I want my students to learn English.
All of it.
Or at least enough of it to be able to read, write, converse, listen, watch movies, chat with friends, go to Disney World, read the classics, buy their favorite flavor of ice cream.
The problem, of course, is that they can’t. They’re four and five years old; I have them for two years. There are some things they just aren’t going to be able to do.
So I have to set goals. What exactly can they learn in these two precious years? How much is too much? How much is too little?
It complicates things that every class is different. Every child is different. And I, as a teacher, am really bad (and really new!) at this concept of differentiated instruction. I hope to get better at it, but for the moment, I just have to understand that what last year’s K5 class breezed through, is too much, too hard, too fast, for this year’s K5. And, simultaneously, what this year’s K5 is doing is way to easy for this year’s K4, who are English lovers and ready for more than their older counterparts!
I’m really good at setting goals for my own life….and, apparently, really bad at setting them for my students. Live and learn, and I’m learning as I live, but sometimes it’s so frustrating not knowing where to focus, not knowing where to pour the precious little time and energy and resources I have. Spread it too thin (conversation, vocabulary, phonics, grammar, reading) and they learn nothing. Concentrate it too much, do too little, and I have the horrible sneaky suspicion that I’m stealing precious time from them….they could have learned more in this year, but I wasted it. I don’t want to waste it.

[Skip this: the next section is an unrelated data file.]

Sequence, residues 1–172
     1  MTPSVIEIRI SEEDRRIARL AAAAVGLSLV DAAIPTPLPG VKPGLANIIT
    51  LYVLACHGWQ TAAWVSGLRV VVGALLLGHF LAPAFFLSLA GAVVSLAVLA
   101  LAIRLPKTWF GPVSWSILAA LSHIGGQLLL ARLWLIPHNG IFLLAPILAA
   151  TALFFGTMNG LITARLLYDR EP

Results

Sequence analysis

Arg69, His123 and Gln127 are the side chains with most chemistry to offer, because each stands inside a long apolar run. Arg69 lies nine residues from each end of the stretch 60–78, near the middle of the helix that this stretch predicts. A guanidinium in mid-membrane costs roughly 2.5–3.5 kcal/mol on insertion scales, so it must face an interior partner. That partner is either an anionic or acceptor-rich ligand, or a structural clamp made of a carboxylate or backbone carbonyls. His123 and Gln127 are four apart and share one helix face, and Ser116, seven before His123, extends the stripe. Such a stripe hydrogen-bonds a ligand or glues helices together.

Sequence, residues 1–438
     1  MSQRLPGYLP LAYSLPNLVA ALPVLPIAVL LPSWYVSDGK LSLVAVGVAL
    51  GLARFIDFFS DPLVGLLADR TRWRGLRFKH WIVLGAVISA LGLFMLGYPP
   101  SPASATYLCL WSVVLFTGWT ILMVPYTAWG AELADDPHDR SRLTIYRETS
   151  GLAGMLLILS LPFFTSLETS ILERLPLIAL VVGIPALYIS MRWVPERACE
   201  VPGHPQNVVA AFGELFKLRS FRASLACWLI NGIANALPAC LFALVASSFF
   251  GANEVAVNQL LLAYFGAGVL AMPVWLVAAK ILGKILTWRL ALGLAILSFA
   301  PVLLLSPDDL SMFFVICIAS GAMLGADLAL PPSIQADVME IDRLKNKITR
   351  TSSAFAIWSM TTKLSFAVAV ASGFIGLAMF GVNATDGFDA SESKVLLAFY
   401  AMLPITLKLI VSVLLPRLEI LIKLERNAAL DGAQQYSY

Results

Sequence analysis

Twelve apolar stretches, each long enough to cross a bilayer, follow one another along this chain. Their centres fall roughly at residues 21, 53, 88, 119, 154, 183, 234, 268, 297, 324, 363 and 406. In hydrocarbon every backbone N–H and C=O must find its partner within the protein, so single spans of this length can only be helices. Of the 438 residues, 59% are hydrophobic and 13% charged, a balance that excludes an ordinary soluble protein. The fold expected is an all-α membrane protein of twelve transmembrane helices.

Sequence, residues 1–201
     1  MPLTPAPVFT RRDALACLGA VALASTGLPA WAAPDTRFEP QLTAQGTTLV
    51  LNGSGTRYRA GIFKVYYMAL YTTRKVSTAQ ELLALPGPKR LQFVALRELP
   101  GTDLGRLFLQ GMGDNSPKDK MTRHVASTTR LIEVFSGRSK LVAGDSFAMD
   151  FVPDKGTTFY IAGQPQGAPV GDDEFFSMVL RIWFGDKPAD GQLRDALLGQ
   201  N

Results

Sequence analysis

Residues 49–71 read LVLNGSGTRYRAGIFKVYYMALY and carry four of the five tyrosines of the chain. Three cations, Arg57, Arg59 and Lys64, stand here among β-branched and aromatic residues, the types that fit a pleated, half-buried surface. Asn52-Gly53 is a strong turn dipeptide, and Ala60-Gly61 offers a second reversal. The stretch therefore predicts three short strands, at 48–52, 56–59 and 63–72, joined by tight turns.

So that’s what I’m doing tonight: answering the question, what do my students have to know when they leave my class at the end of the year?
What should they know?
What could they know?
What do they have to know? That’s what I should focus on. That’s what I should throw time and energy into making sure even the slowest learners have the chance to learn.
What should they know? That’s what most of the class will be able to pick up on. That’s what I can do over and above the curriculum, over and above the basics. That’s the fun stuff.
What could they know? What could the faster learners, the ones with a real head for English (and, often, parents at home who know something of English), what could they learn if given the chance? How can I include opportunities for them to learn it? How can I stretch them and challenge them so they won’t get bored with the “musts” the slower learners are still struggling with?